Political ethics group Democracy 21 calls for public hearings on Burris senatorial appointment

The ethics watchdog group "Democracy 21" is calling on the Senate ethics committee to hold public hearings on the circumstances surrounding the appointment of U.S. Sen.

Roland Burris.
Burris has been under fire since the Chicago Sun-Times revealed in February that Burris had discussions about fund-raising with Blagojevich that he did not disclose during testimony before an Illinois House impeachment panel. When the Sun-Times raised questions with Burris, he provided supplemental testimony that had not been made public.
The Sun-Times then first disclosed last week that Burris was on tape promising to send Rod Blagojevich a check by mid-December. Burris did not disclose this promise of money in the Feb. 4 supplemental testimony he submitted to state House leaders.

Democracy 21 Calls on Senate Ethics Committee to Conduct Prompt Public Hearings on Senator Burris Affair
Tuesday, June 02, 2009

In a letter sent today to Senate Ethics Committee Chair Barbara Boxer (D-CA) and Ranking Republican Member Senator Johnny Isakson (R-GA), Democracy 21 President Fred Wertheimer called on the Ethics Committee "to hold prompt public hearings on Senator Roland Burris and matters related to his appointment to the Senate."

The letter stated that Democracy 21 had previously sent a letter to the Senate Ethics Committee on February 24, 2009 calling for public hearings "in which Senator Roland Burris (D-IL) is called to testify on his contradictory and conflicting statements, made under oath, regarding the circumstances surrounding his appointment to the Senate."

The February 24 letter noted that published reports had indicated that Senator Burris "may have misrepresented his contacts and conversations with former Illinois Governor Rod Blagojevich and his associates" and "may have attempted to raise campaign contributions for the former Governor, in contradiction to his sworn testimony and public statements."

According to today’s letter, "Recent published reports strongly confirm the need for the Committee to clear the air on this matter in a public setting. Citizens are entitled to a public accounting under oath by Senator Burris before the Senate Ethics Committee about what transpired regarding his appointment to the Senate. "Senate Ethics Committee rules provide that the Committee "may hold a public or executive hearing in any preliminary inquiry, adjudicatory review or other proceedings."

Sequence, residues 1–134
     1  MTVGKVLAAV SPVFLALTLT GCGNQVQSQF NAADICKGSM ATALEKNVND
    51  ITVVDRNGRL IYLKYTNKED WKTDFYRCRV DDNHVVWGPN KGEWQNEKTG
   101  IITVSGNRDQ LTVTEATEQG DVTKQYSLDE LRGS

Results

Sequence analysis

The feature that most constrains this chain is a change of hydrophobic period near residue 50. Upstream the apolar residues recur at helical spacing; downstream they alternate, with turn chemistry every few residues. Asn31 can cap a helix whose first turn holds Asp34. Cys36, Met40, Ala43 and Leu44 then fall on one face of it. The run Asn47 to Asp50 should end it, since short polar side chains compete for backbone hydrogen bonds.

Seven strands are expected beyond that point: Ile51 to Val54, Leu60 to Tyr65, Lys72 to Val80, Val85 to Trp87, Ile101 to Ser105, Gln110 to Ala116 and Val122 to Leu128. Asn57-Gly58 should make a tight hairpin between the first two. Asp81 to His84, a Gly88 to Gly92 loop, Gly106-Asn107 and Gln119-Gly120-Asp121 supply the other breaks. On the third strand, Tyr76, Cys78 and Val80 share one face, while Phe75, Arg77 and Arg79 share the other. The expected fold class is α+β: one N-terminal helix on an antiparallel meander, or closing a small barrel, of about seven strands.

Senate Ethics Committee Rule 5(a). Thus, according to the February 24 and June 2 letters, "the Ethics Committee has explicit authority to hold an immediate public hearing on the Burris matter."

The June 2 letter states that "New reports published last week indicate that the concerns about whether Senator Burris was sworn in as a Senator under false pretenses may be well founded."

The letter states:

According to an article in The New York Times (May 27, 2009), the Ethics Committee recently received the transcript of a wiretap conversation that took place on November 13, 2008 between Senator Burris and the brother of former Governor Rod Blagojevich.

According to the Times story, the transcript shows that Senator Burris "aggressively and openly pursued" the Senate appointment in the conversation with the Governor’s brother.

Further, the Times story states that in the phone call, Senator Burris "seemed almost in a crass negotiation with Mr. Blagojevich's brother - also his chief fundraiser - over how he could help the governor, win the appointment and not run in trouble over negative connotations that he might be trying to buy an appointment by fund-raising for him."

According to the Times article, Senator Burris was recorded as saying, "God knows, No. 1, I want to help Rod. No. 2, I also want to, you know, hope I get a consideration to get that appointment."

The June 2 letter further notes that in its February letter, Democracy 21 quoted an article in the Chicago Tribune (February 19, 2009) that stated that Senator Burris had provided contradictory accounts in three sworn statements:

A Jan. 5 affidavit in which he says he had no contact with Blagojevich aides "regarding my appointment to the United States Senate."

His Jan. 8 testimony to the House panel, in which he acknowledges only one conversation with a former Blagojevich aide, but not any talks of fundraising.

A Feb. 4 affidavit, signed after his appointment, in which he acknowledges contacts with five other Blagojevich insiders about the seat. He also said he refused a fundraising request because it would be a conflict of interest.

Later Burris publicly acknowledged trying unsuccessfully to raise campaign funds for the governor.

According to the June 2 letter from Democracy 21:

As we stated in our February letter, the circumstances surrounding Senator Burris's conflicting statements under oath, raise very serious questions about the integrity of the process which led the Senate to seat Senator Burris.

The interest of the public in getting to the bottom of what happened in the Burris matter and the institutional integrity of the Senate require a public examination of this matter.

The June 2 letter concludes:
We are aware that the Senate Ethics Committee has been conducting an inquiry into the circumstances surrounding the appointment of Senator Burris.

Democracy 21 again urges the Committee to convene a prompt public hearing in which Senator Burris is called to testify under oath about his contradictory and conflicting statements under oath. We also urge the Committee to publicly report on the status of its investigation.